The testing, evaluation and training of future military systems will increasingly take place in virtual environments due to rising costs and system complexity as well as the limited availability of military ranges.
Virtual simulators are already used to augment real-world training for modern fighter aircraft pilots, and they hold significant promise for addressing the rigorous demands of testing and training AI-enabled technologies.
Current simulated environments, however, rely on conventional computing that is incapable of generating the computational throughput and speed to accurately replicate real-world interactions, model the scale of physical test ranges or meet the technical requirements of more complex systems.
“Virtual environments could significantly aid the military by creating the ability to test and train advanced radio frequency (RF) technologies 24/7/365 with high-fidelity models of complex sensor systems, like radar and communications,” said Paul Tilghman, program manager in DARPA’s Microsystems Technology Office (MTO). “However, existing computing technologies are unable to accurately model the scale, waveform interactions or bandwidth demands required to replicate real-world RF environments.”
To address current computing limitations impeding the development of virtual test environments, DARPA created the Digital RF Battlespace Emulator (DBRE) program. DRBE seeks to create a new breed of High-Performance Computing (HPC) – dubbed “Real Time HPC” or RT-HPC – that will effectively balance computational throughput with extreme low latency capable of generating the high-fidelity emulation of RF environments.
DRBE will demonstrate the use of RT-HPC by creating the world’s first largescale virtual RF test range. The range will aim to deliver the scale, fidelity and complexity needed to match how complex sensor systems are employed today, providing a valuable development and testing environment for the Department of Defense (DoD).
“While DRBE’s primary research goal is to develop real time HPC that can be used to replicate the interactions of numerous RF systems in a closed environment, this is not the only application for this new class of computing. RT-HPC could have implications for a number of military and commercial capabilities beyond virtual environments – from time-sensitive, big-data exploitation to scientific research and discovery,” said Tilghman.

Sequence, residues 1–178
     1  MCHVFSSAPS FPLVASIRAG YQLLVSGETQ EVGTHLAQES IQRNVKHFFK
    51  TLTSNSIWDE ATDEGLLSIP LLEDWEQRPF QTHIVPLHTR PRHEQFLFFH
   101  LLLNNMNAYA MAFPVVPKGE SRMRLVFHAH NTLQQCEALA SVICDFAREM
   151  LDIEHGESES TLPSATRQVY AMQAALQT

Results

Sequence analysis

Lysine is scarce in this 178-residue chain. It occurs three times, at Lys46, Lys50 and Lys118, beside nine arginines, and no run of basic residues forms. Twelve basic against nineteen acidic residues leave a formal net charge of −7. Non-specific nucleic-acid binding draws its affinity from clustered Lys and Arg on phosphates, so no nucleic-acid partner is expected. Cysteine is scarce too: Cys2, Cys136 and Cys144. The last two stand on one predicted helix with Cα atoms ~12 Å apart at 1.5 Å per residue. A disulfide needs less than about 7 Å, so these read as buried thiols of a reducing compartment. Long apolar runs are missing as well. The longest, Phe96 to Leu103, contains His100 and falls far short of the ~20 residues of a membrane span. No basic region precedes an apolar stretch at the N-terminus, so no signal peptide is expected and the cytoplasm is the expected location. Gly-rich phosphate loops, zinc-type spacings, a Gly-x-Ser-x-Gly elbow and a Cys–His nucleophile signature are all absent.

To support the creation of RT-HPC and the DRBE RF test range, the program will focus on two primary research areas. One area will explore designing and developing novel computing architectures and domain-specific hardware accelerators that can meet the real-time computational requirements of RT-HPC. Existing HPCs rely on general-purpose computing devices, which either prioritize high computational throughput while sacrificing latency (i.e., Graphics Processing Units (GPUs)), or have very low latency with correspondingly low computational throughput (i.e., Field Programmable Gate Arrays (FPGAs)). DRBE seeks to overcome the limitations of both by creating a new breed of HPC hardware that combines the GPU’s and FPGA’s best traits.
The second research area will focus on the development of tools, specifications and interfaces, and other system requirements to support the integration of the RT-HPC system and the creation of the virtual RF test range. These components will help design and control the various test scenarios that could be run within the range, enable the DRBE’s RT-HPC to interface with external systems for testing, facilitate the resource allocation needed to support multiple experiments, and beyond.
DRBE is part of the second phase of DARPA’s Electronics Resurgence Initiative (ERI) – a five-year, upwards of $1.5 billion investment in the future of domestic, U.S. government and defense electronics systems. As a part of ERI Phase II, DARPA is creating new connections between ERI programs and demonstrating the resulting technologies in defense applications. DRBE is helping to fulfill this mission by bringing the benefits of domain specific processing architectures to defense systems.